Mary Lou Lang-Byrd offers her take on the Inauguration, based on her time among the crowds of Trump supporters and protesters.
The quote from President Ronald Reagan’s famous commercial, “It’s morning again in America,” describes how some told me they were feeling after the inauguration of Donald J. Trump as president. But countless others felt the darkness of night is now upon us and still refuse to accept him as the new president.
The stark difference was evident in Washington D.C. when I headed there for Inauguration Day. I witnessed first hand those who were hopeful and those who felt hopeless. The dichotomy of protesters and supporters was on full display and, at times, became heated.
When my son and I boarded the Metro on Friday morning from our hotel right outside of D.C., we found ourselves amongst fellow Americans throughout the country who chose to take part in the celebration of our new president.
License plates from Texas, Colorado, Illinois showed many drove from far away to be a part of the historic day. Families with their young children, couples, and veterans who wore their hats displaying the wars they served in were amongst the crowd making their way into D.C.
The riders were exuberant and showed their patriotism by wearing American flag hats, scarves, pins and shirts. Many also wore Trump hats, showing their support. Some spoke to other fellow riders, smiling, and seemed genuinely excited to be a part of the celebration of Trump’s inauguration.
Upon arriving in D.C., the mood shifted as we encountered more and more protesters. Hours before Trump took the oath of office, the hundreds of protesters gathered were chanting, “We reject our president-elect.” They carried signs comparing Trump to Hitler and wore t-shirts that read, “Not our president.”
Other protesters held the American flag upside down.
While many of the protesters were peaceful, there were some who were antagonistic toward Trump supporters. One elderly protester called my son a “racist” because he had a Trump hat on. Others called out other Trump supporters and tried to engage them in a war of words.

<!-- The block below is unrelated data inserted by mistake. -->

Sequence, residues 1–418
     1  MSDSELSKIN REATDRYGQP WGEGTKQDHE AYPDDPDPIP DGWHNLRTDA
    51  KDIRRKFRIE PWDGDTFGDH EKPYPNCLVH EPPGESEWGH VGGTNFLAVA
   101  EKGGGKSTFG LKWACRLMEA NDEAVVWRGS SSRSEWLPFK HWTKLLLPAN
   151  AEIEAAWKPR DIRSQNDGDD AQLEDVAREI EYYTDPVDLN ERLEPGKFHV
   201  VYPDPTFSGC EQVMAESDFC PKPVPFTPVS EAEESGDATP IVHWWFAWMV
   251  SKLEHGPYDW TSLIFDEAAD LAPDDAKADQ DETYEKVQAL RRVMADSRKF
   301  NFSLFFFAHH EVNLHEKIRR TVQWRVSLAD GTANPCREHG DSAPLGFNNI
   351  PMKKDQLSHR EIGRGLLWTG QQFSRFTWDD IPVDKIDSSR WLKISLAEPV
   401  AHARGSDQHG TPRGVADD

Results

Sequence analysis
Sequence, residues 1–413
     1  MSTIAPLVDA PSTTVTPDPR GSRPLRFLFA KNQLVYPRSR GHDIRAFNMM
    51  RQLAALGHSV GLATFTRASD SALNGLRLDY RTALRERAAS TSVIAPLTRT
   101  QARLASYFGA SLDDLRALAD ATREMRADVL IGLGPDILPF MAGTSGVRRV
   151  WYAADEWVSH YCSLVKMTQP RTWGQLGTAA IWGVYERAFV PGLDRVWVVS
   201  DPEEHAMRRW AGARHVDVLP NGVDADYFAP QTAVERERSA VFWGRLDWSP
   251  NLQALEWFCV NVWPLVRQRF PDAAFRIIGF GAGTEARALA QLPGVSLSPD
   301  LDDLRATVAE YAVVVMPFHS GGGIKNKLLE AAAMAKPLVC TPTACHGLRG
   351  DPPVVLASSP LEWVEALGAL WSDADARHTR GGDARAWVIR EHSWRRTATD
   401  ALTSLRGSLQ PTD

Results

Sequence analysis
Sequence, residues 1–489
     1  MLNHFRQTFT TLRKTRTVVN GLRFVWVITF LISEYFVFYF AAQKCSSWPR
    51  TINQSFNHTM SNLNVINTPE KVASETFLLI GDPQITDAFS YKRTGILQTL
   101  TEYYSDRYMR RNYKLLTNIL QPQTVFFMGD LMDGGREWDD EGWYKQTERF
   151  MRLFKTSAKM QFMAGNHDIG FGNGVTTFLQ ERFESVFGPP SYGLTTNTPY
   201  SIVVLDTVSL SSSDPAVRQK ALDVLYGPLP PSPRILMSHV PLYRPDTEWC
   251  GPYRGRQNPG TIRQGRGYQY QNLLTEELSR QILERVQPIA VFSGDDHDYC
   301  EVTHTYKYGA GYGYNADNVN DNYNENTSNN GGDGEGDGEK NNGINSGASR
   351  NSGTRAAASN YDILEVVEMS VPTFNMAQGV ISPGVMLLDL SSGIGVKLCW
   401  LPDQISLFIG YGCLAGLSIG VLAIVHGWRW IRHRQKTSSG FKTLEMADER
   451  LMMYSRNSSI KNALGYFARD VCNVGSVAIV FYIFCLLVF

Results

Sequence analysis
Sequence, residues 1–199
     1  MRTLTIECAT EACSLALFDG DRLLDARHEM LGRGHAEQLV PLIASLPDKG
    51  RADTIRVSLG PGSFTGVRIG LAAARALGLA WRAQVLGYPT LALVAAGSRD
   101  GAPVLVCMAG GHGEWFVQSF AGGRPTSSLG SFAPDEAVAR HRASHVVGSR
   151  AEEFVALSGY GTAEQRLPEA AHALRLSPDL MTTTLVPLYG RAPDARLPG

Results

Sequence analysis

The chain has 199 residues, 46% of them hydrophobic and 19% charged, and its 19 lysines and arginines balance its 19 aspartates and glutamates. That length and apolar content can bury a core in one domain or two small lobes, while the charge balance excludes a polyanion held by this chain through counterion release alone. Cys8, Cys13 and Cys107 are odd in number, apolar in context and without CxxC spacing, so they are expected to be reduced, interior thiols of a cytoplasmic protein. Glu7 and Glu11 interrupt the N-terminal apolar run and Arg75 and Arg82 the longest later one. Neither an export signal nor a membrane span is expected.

The anger and disdain the anti-Trump crowd displayed was not only embarrassing, but also showed they have no intention, at least in the near future, of accepting Trump as their president. The women’s march on Washington and concurrent marches in cities across the country show the growing divide in this country.
Trump’s words in his inaugural address, “This moment is your moment, it belongs to you,” and “This is your day, this is your celebration, and this, the United States of America, is your country” fell on deaf ears. The anti-Trump crowd simply wouldn’t listen.
How can the country go from divided to united once again if both sides are so polarized, refuse to listen and are incapable of having a civil debate?
I don’t recall those who did not vote for President Obama or embrace his progressive agenda protesting in the streets, burning cars or smashing storefront windows. I don’t remember hearing anyone say he wasn’t their president.
Perhaps it’s time to stop acting like toddlers throwing a temper tantrum. It’s time to accept the reality that Trump is the president. If not, it will be a very long four years for those who want to continue to hold on to the anger and vitriol that have permeated throughout the country.
It was only a week ago the nation honored Martin Luther King Jr., and his legacy of nonviolent activism was sadly forgotten in D.C. on Trump’s Inauguration Day. “Returning violence for violence multiplies violence, adding deeper darkness to a night already devoid of stars… Hate cannot drive out hate: only love can do that,” King had said.
Let’s hope his words will be remembered in the future and civil discourse will not lead to riots and civil unrest.